Technology has undeniably changed the way we travel. When I plan a vacation, there are usually multiple spreadsheets of potential itineraries and budget numbers, docs full of information on certain places I want to visit within a destination, and things I want to do while there, and maps annotated to the point where it probably wouldn’t be surprising if yarn got involved.
I book my plane tickets online or check out the best gas prices on Google Maps if I’m driving. There are apps involved in nearly every aspect—Tock for restaurants, Booking.com or Airbnb for lodging, Rome2Rio for public transport info, Gaia GPS for navigation while out on trails, Google Translate to facilitate that I am not the polyglot I wish I was—and the list goes on. Sometimes I truly am astonished when I reflect on the fact that as a kid my parents would doggedly print out MapQuest turn-by-turn directions when we ventured out-of-state; and when that failed, they figured it out with an atlas. They called an airline’s booking hotline to buy airplane tickets on the two occasions we got to fly as a family—without even being able to compare prices instantaneously against other airlines to make sure they were getting the best price possible. It’s a glaring reminder that in my relatively short life, technology has massively changed how we travel, and it will continue to do so.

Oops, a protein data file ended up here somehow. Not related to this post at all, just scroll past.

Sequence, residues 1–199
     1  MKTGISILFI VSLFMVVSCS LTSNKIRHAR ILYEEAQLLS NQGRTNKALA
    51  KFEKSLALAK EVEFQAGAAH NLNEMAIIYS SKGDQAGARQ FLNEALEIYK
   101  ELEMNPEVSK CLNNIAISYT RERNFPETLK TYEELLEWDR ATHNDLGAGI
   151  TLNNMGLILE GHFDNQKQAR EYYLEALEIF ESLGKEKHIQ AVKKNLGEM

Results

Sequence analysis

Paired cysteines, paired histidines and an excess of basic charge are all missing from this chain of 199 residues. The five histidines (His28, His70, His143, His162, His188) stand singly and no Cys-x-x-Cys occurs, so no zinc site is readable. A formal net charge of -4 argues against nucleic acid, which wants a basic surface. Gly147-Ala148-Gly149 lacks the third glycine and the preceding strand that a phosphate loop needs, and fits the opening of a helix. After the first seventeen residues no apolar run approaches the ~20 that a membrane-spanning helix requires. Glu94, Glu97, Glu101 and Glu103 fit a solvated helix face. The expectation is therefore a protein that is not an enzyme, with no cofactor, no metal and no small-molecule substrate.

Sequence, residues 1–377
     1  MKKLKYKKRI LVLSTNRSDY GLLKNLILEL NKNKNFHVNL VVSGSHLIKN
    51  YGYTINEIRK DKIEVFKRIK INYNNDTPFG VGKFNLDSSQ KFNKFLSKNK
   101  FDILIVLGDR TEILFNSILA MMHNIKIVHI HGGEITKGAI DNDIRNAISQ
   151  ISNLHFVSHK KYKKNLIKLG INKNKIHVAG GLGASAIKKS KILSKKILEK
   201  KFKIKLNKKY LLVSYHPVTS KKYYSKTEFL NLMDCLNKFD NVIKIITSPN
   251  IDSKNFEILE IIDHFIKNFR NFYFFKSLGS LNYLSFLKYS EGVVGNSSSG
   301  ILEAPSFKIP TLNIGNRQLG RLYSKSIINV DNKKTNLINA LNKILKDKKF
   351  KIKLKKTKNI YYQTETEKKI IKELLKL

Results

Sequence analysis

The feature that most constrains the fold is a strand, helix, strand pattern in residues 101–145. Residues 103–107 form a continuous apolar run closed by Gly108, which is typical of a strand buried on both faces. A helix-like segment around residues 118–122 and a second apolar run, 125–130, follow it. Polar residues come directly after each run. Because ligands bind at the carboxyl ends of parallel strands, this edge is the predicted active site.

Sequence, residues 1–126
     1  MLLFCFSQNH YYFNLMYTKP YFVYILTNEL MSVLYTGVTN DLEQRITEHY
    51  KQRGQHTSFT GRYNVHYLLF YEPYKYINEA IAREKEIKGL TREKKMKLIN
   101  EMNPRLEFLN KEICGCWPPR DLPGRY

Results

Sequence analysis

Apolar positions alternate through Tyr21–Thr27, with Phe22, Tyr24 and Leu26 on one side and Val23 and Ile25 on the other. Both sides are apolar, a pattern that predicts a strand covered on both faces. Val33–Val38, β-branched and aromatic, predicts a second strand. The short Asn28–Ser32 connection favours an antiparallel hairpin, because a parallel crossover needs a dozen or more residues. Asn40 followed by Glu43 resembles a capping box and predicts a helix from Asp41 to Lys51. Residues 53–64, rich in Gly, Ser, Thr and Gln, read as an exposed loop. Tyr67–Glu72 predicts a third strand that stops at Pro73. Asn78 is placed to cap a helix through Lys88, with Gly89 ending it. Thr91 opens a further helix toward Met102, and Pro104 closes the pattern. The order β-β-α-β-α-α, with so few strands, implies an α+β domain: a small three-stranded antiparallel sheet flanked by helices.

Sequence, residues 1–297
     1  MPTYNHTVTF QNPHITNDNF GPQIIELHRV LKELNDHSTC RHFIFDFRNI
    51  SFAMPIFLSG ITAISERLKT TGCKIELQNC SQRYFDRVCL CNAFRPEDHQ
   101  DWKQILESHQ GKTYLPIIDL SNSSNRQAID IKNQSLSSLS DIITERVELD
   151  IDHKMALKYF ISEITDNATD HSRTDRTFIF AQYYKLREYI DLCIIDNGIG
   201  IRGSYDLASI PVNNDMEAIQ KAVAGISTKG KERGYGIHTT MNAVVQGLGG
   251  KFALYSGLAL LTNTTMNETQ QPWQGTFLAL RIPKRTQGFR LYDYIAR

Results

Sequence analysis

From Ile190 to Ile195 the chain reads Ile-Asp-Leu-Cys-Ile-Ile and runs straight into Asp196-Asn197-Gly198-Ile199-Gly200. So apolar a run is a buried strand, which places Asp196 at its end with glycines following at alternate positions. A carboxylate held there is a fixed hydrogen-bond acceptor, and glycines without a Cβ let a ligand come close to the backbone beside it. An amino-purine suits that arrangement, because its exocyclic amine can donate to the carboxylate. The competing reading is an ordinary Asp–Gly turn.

Entering the chat: ChatGBT, and the burgeoning world of artificial intelligence. In the past week, several major media outlets have published news on how AI is going to change how we travel—or will it really change anything at all (we’re looking at you, Clubhouse). We’ve got the short version of their findings here.